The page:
Burton sees every play as a quarterback

There's one place fixed on the football field Trey Burton said he never wanted to be. It's parallel to the sidelines, cool to the touch on frigid, winter days, and scorching hot when the Swamp steams in September.

That spot? The bench.

Burton, a junior offensive fixture for the Gators, said he expected to nab the quarterback slot from his freshman year onward when he got to campus. However, he said it was a conversation with former head coach Urban Meyer in the midst of his freshman season that pried open a new realm of position possibilities for the Venice, Fla., native.

In 2010, the Gators were low in numbers at the tight end position and Meyer asked Burton his thoughts on stepping up in the spot.

"Yeah, I want to play," Burton replied. "And if this gives me the opportunity to play and do special teams and stuff like that, then I'll do it."

Since that discussion, Burton has made himself a standout on the UF roster due to his versatility on offense. Monday, he said he could get time at any of a number of positions including running back, full back, tight end and as a slot receiver this season. Burton is currently morphing to his third offensive playbook at UF beginning with Meyer's, then Charlie Weis' and now, current offensive coordinator Brent Pease's.

UF wide receiver Frankie Hammond, Jr. commended Burton's ability to adapt quickly to new playbooks, no matter the position.

"A guy like Trey, you can move him to running back, flex him out wide, he can go at the tight end position and run routes," Hammond said. "That definitely brings a lot of versatility so that way when a new playbook rolls around, it just keeps rolling and there's not really a bump in the road for him."

Though Burton may be expected to hopscotch between positions throughout the season, he said he sees it as a chance rather than a challenge.

"I just view it as I'm trying to get on the field and this is my opportunity to play," Burton said. "It's not a hassle. Some people might think it's a hassle or it's hard, but I enjoy it."


Trey Burton has always found a way to get on the field

The fact Burton was trained as the starting quarterback during his days at Venice Senior High and his first year at Florida he began at the position, he said his experience behind center has helped him understand new concepts for his new roles on the field.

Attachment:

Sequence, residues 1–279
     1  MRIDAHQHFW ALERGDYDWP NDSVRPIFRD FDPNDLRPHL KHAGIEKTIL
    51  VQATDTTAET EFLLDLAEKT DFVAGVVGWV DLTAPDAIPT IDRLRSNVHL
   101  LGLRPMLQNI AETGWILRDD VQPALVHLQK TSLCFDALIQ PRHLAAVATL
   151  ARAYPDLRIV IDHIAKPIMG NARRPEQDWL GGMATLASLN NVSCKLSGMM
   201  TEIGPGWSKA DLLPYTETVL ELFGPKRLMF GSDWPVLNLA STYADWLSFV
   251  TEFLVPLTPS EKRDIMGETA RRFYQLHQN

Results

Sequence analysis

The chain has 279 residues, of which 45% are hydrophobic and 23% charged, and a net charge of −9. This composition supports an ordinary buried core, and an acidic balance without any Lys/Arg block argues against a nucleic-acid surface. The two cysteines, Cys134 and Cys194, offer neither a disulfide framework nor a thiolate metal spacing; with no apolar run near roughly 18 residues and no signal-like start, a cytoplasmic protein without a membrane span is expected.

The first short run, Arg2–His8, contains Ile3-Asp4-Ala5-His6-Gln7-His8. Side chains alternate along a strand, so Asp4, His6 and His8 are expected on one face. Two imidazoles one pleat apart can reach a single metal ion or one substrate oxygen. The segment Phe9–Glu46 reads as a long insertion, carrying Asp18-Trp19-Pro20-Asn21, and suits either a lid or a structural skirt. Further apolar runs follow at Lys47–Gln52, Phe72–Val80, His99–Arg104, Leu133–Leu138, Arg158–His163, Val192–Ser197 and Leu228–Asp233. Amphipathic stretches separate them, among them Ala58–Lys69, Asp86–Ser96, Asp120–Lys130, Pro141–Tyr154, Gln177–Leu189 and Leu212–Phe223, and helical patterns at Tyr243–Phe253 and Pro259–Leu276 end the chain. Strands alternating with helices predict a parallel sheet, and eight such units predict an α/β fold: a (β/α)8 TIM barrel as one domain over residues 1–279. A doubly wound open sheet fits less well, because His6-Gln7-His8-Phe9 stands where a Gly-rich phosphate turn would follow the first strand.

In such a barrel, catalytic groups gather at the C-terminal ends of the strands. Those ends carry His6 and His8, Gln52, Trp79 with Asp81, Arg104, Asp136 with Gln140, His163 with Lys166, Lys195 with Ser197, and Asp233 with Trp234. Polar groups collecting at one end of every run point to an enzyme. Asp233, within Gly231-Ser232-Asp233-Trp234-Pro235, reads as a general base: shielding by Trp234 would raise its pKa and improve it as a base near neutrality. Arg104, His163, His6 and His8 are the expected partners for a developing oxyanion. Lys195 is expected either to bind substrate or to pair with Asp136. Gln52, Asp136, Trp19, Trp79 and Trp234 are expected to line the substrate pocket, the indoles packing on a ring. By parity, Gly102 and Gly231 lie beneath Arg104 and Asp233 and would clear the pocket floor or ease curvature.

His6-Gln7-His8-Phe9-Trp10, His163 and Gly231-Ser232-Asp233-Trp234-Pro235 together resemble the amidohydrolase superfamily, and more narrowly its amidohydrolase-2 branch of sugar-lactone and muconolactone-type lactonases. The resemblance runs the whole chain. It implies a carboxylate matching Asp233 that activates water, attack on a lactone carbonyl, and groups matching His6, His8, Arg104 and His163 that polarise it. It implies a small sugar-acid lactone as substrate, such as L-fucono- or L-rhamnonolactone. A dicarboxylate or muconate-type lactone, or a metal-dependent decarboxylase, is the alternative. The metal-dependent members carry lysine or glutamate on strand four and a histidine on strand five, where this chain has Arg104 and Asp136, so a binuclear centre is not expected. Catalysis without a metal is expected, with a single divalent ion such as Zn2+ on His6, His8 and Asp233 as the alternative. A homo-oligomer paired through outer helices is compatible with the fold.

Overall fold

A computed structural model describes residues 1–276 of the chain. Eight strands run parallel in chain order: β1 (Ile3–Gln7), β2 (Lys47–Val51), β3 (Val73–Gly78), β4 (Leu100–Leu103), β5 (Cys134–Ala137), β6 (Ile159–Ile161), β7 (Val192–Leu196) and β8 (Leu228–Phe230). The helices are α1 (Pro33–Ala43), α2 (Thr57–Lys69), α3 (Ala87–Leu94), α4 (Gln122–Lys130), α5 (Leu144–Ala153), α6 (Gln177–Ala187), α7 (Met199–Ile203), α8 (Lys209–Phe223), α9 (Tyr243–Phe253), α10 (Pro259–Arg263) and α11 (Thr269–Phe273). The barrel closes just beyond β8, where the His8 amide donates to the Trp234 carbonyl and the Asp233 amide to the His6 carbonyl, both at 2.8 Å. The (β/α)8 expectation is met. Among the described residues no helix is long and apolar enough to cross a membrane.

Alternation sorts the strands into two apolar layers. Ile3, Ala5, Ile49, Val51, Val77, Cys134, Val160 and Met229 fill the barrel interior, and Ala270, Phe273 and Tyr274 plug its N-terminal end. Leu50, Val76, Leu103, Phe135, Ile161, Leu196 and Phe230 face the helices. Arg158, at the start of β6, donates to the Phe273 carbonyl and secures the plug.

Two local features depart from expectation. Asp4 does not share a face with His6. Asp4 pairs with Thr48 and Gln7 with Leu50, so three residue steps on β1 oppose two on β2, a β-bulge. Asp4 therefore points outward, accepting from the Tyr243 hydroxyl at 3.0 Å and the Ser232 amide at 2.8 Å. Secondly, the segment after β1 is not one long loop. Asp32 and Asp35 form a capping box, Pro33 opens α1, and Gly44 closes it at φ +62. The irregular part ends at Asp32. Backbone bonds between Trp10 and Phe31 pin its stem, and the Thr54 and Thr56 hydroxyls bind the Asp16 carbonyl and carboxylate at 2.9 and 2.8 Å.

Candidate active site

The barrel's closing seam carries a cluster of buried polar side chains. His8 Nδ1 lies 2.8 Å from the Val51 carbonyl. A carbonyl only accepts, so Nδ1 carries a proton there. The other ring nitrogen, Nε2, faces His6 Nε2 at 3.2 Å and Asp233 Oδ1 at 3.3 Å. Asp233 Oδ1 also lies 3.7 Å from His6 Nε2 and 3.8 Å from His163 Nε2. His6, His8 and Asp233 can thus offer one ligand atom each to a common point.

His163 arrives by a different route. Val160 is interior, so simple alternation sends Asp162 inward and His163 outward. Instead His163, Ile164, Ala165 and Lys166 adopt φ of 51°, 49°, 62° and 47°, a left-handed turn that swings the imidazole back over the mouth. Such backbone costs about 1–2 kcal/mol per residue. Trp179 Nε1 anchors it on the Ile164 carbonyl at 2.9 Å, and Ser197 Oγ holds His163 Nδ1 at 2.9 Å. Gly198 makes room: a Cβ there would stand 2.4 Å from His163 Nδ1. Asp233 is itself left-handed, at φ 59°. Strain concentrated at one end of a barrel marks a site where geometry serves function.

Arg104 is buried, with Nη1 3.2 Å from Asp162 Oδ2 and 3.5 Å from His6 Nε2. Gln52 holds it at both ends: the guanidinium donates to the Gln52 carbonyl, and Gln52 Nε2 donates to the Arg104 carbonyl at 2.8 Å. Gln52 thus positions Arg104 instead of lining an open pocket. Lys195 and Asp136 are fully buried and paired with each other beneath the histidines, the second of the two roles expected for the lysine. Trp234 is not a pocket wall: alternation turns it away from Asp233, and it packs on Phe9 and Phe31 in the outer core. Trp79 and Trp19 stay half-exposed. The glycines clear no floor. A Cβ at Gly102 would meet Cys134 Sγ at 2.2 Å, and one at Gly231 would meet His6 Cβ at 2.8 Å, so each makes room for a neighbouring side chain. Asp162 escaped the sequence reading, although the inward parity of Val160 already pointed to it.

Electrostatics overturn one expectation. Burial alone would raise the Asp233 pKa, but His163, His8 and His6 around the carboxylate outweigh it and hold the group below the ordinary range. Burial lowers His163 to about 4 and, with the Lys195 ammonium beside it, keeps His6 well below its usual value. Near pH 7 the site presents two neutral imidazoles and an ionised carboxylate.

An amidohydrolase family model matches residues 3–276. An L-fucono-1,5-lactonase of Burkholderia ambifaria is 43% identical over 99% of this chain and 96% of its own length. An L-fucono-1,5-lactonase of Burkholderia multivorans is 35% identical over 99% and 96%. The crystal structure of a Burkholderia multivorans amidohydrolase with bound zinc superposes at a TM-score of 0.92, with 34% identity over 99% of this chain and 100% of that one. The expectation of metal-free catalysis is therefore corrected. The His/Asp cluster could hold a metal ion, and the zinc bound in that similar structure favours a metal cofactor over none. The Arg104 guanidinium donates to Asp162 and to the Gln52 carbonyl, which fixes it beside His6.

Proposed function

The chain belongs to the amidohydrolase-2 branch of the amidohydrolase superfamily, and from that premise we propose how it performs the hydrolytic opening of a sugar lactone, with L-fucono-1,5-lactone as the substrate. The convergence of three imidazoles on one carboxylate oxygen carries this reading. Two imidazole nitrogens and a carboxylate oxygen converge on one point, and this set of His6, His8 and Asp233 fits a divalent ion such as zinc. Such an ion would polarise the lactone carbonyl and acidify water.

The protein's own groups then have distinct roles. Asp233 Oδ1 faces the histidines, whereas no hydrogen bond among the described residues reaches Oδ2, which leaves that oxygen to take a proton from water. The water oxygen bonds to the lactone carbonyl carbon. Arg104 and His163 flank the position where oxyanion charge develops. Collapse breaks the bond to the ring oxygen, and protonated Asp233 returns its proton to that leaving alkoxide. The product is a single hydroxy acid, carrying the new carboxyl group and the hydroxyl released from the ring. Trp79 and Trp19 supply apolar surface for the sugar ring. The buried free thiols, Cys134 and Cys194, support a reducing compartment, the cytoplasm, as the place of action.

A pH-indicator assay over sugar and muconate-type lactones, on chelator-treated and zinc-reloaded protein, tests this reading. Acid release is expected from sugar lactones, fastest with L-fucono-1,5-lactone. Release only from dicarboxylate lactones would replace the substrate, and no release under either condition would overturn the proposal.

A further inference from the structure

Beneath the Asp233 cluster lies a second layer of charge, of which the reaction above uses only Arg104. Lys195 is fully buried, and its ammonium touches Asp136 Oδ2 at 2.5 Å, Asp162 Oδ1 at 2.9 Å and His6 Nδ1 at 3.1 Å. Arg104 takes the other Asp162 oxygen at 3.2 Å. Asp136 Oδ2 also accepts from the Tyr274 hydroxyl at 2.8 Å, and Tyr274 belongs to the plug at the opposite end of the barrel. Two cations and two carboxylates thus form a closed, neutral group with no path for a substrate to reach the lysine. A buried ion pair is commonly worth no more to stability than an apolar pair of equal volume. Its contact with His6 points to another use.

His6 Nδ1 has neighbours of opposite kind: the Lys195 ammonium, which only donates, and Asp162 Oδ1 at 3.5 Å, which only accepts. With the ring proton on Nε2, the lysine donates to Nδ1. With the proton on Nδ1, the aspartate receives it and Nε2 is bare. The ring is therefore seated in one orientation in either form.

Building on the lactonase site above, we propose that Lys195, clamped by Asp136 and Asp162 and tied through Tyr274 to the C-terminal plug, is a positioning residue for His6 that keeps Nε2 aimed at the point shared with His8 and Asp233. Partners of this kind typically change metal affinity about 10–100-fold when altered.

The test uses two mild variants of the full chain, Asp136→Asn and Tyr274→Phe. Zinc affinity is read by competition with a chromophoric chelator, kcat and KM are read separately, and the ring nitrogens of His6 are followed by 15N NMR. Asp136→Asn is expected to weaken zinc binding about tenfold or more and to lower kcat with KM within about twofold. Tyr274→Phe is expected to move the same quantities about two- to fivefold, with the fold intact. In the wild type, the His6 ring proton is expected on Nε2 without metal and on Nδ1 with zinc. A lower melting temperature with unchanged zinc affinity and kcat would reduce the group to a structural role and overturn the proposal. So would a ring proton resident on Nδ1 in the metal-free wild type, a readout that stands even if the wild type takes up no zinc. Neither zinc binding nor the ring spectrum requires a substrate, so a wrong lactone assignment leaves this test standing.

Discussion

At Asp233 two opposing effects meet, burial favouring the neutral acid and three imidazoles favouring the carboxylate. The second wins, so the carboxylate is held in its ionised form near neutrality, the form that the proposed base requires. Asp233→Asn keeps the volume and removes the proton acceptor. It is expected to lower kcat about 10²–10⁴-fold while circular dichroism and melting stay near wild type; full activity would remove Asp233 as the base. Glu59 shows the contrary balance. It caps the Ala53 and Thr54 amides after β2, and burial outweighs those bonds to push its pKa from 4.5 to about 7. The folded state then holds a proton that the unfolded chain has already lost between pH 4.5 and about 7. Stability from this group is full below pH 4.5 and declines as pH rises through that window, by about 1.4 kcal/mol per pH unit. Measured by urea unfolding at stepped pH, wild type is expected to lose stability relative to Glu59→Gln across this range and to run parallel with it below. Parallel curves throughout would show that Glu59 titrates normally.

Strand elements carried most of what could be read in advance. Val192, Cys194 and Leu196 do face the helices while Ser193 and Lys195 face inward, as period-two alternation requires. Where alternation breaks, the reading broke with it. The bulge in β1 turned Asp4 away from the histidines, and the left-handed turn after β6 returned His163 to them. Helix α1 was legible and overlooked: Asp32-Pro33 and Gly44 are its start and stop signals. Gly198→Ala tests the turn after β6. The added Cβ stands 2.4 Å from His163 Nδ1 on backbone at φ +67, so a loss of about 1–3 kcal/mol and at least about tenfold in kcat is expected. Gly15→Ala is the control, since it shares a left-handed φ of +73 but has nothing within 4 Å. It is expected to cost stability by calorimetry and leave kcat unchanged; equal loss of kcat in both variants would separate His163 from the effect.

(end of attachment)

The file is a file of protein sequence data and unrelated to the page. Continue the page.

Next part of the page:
"You get to know the routes," Burton said about playing QB. "You basically have to know what everybody's doing. So it's kind of easier for me now because all I have to focus on is one thing, but I still look at it as a quarterback — through his eyes — knowing all the stuff that everybody's doing."

Burton said he's not sure if he'll log time at quarterback this season, but he's ready to do whatever Pease wants, wherever that might be on the field, and his experiences will help him wherever that is.

"Whenever they install a play, I'm looking at it as a quarterback and going over what everybody has to do," Burton said. "I learn it from the start."

For the perspective of the slot receiver position, Burton said his "bigger body" (6'3, 228 lbs.) would prove to be his advantage when weighed against the Gators' other options.

"I weigh a little more, so maybe I'm more physical than the other guys," he said.

After practicing throughout the spring and at training camp, Burton also admitted he enjoys taking passes in the slot, something he's doing for the first time in his career at Florida. He said his height would benefit him in that area of making catches, too.

"I'm just a little taller," he said. "I think that helps me out a little bit."

Whatever role he assumes for Florida this season, Burton said he's still trying to do one thing: get on the field.

"I tell Coach Pease and I told Urban, whatever they want me to do, whatever they need, just let me know and I'll do it," he said. "It's not really that I'm trying to find a role, I'm just trying to get on the field."


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